East Penn Press

Wednesday, August 21, 2019
CONTRIBUTED PHOTO“Dirty Dancing: The Classic Story On Stage,” 30th anniversary North American Tour, 7:30 p.m. June 21, 22, State Theatre Center for the Arts, Easton. CONTRIBUTED PHOTO“Dirty Dancing: The Classic Story On Stage,” 30th anniversary North American Tour, 7:30 p.m. June 21, 22, State Theatre Center for the Arts, Easton.

Dancing in the seats: It’s summertime and the time is right for ‘Dirty Dancing’ musical

Saturday, June 23, 2018 by DAWN OUELLETTE Special to The Press in Focus

Maybe you saw the movie “Dirty Dancing” with your friends when it opened in theaters in 1987, or maybe you became a fan when you saw it on television one night.

However you came to love “Dirty Dancing,” and you know who you are, there’s no denying the power of the iconic love story and the hold it has on fans’ hearts.

“Dirty Dancing: The Classic Story On Stage,” with all of the music, romance and dancing of the movie, plus more, stops during its 30th anniversary North American Tour, 7:30 p.m. June 21 and 22, State Theatre Center for the Arts, Easton.

“‘Dirty Dancing’ just celebrated its 30th anniversary,” said Aaron Patrick Craven, who plays Johnny Castle, made famous by Patrick Swayze (1979--2009) in the original film.

“That’s three generations of people loving it. That’s amazing.

“I think it still resonates so well with so many because of the universal themes. There’s Baby’s coming of age, first love, and taking control of your own destiny no matter what others think.

“And, of course, the ballroom dancing just ties it all together.”

Craven is a trained dancer who graduated from Wichita State University with a degree in dance and choreography. While admiring the dancing and acting of Swayze, he tries to make the role his own.

“I like to think I’ve made it my own,” Craven says. “Swayze laid the groundwork. I pay my respect to him while bringing myself into the role.”

Craven breaks the fourth wall when Johnny dances past audience onto the stage during one of the show’s scenes. Audiences roar with applause when he appears in the aisles.

Craven leads a cast of 24 that includes Kaleigh Courts (Francis “Baby” Houseman), Anaïs Blake (Penny Johnson), Erica Lee Cianciulli (Marjorie Houseman), Nickolaus Colõn (Billy Kostecki-Singer), Ryan Cupello (Robbie Gould), Buddy Daniels Friedman (Mr. Schumacher), Rick Grossman (Max Kellerman), Demitra Pace (Lisa Houseman), Owen Russell (Neil Kellerman), Christopher Robert Smith (Dr. Jake Houseman) and Ramond Thomas (Tito Suarez).

The ensemble is: Alex Caldwell, Ayla Ciccone-Burton, Amanda Clement, J’royce Jata, Hunter Mikles, Honza Pelichovksy, Erica Philpot, Joshua Clifton Powell, Hannah Straney, Jay Stuart, Kesley Walsh and Aidan Ziegler-Hansen.

The musical features an eight-piece band that performs the timeless hits on stage, led by Conductor Alan J. Plado, keyboards; Associate Conductor Jonathan Marro, keyboards; Ethan Hack-Chabot, guitar; Michael Bliss, reeds; Adam Hradisky, drums; Ryan McCausland, percussion; Jared Pasimio, bass, and Patrick Stouffer, trumpet.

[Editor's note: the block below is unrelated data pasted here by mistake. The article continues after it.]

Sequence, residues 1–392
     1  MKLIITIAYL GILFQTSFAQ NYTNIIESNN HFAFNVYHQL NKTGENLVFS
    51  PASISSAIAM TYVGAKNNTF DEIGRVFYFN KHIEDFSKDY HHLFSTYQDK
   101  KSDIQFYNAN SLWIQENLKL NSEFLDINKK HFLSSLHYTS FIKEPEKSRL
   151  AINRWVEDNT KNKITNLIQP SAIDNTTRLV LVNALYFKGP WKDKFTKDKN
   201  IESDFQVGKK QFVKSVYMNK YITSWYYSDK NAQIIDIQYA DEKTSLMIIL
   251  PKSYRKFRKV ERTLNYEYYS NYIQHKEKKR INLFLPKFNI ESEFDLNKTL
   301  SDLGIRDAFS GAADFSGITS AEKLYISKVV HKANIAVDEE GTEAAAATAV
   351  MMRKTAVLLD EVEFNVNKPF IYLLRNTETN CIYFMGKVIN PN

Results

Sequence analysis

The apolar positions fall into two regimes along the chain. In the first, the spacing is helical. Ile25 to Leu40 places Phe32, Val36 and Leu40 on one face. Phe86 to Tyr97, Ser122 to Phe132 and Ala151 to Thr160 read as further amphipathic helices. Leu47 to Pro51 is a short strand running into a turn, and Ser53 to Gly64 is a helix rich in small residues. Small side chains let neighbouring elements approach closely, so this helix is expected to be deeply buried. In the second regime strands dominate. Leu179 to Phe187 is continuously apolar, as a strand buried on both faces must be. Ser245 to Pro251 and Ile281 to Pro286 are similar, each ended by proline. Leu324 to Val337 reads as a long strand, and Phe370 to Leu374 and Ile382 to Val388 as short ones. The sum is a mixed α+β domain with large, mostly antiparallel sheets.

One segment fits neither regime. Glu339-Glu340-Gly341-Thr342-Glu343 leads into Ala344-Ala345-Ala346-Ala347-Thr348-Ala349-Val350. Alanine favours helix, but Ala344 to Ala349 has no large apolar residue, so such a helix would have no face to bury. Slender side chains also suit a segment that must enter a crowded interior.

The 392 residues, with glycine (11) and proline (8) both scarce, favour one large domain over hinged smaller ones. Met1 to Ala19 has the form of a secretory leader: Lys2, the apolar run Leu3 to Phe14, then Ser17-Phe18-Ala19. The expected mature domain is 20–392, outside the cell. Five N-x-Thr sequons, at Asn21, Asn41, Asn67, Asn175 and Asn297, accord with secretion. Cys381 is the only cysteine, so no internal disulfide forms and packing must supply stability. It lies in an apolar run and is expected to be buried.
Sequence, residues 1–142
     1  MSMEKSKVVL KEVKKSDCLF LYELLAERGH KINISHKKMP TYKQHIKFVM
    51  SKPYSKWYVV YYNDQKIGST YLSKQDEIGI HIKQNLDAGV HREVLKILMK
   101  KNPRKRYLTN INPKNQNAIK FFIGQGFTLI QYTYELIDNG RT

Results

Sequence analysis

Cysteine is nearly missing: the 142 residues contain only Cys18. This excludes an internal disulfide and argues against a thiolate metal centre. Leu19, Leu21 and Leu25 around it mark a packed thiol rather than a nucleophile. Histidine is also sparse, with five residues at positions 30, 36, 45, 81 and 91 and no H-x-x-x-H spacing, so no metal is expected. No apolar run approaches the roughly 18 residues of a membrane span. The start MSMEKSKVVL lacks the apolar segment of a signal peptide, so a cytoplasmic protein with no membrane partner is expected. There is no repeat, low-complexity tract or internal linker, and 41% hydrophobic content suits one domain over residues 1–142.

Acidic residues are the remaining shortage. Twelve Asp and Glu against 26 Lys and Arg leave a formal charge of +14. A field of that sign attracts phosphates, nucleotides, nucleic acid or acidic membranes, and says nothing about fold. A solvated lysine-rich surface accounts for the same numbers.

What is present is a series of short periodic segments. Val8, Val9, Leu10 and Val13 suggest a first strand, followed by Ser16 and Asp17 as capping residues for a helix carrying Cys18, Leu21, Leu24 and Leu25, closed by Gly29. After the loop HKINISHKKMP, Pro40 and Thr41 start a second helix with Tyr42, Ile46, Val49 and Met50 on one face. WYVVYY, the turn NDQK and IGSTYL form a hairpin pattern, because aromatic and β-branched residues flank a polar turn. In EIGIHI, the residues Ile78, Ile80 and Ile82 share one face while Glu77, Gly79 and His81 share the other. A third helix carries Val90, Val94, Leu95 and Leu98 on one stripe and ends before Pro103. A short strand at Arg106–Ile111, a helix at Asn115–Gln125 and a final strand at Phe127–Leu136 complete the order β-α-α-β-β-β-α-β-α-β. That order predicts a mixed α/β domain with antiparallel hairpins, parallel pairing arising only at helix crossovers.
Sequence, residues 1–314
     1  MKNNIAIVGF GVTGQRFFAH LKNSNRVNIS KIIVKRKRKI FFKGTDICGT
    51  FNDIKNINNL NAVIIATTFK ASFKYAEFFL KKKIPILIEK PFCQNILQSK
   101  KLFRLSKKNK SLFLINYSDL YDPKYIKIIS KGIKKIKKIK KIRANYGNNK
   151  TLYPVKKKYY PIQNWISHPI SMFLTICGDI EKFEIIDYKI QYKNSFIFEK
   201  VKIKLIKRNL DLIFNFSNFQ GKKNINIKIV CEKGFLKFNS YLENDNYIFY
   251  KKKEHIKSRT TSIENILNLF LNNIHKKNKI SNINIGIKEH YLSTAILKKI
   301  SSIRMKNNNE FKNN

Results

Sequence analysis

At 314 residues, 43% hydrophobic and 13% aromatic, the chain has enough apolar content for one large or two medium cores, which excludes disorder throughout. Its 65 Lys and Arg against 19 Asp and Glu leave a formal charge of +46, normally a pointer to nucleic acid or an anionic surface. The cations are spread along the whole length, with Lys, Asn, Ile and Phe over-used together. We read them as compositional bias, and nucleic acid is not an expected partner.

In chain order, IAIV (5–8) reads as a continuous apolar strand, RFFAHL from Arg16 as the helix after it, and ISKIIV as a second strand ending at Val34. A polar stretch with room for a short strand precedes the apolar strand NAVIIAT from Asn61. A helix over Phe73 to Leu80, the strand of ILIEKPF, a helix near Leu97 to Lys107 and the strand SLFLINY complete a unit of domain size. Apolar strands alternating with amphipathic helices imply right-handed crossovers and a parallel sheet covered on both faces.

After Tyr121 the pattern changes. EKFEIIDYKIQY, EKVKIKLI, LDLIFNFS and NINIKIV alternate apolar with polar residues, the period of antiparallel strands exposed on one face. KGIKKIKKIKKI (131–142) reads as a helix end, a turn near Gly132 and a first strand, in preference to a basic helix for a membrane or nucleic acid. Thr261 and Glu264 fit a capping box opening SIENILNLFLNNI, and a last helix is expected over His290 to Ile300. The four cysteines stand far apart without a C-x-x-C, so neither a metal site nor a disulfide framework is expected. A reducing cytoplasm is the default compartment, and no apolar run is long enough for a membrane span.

The touring production has new direction by Sarna Lapine (“Sunday in the Park with George,” Broadway, and “War Horse,” North American tour).

“As I learned how many people watched the movie over and over and over,” said Eleanor Bergstein, screenwriter of the film “Dirty Dancing” and book writer for the production, “I began to think that what they really wanted was to share more physically in the event, to step through the screen and be there while the story was happening.

“And if that was true, then its natural form was theater: live audiences watching live bodies dancing and singing here and now in the present, on the log, on the bridge, on the dance floor and in the staff quarters at Kellerman’s.

“Writing it for the stage, I was also able to add more scenes with Baby and Johnny, more about the family, more about the period in which it was set, more songs I couldn’t afford last time, and, best of all, more dancing.

“We have added 20 new original scenes and 36 numbers of live music played by an eight-piece band onstage, which invite the audience to come into Kellerman’s and experience the story in a whole new way as a live event as it happens.”

Agrees Craven regarding the stage version, “There is so much material that you have not seen on screen. There are all your favorite lines and dance numbers and so much more that’s new and exciting.”

The North American tour production is choreographed by Michele Lynch based on the original choreography by Kate Champion.

The creative team includes Mikiko Suzuki, Scenic Design; Ken Billington, Lighting Design; Jennifer Irwin, Costume Design; Leon Rothenberg, Sound Design; Bernie Ardia, Hair Design; Conrad Helfrich, Music Supervisor and Orchestrations, and Alan J. Plado, Music Director.

Tickets: State Theatre Center for the Arts box office, 453 Northampton St., Easton; statetheatre.org; 1-800-999-7828; 610-252-3132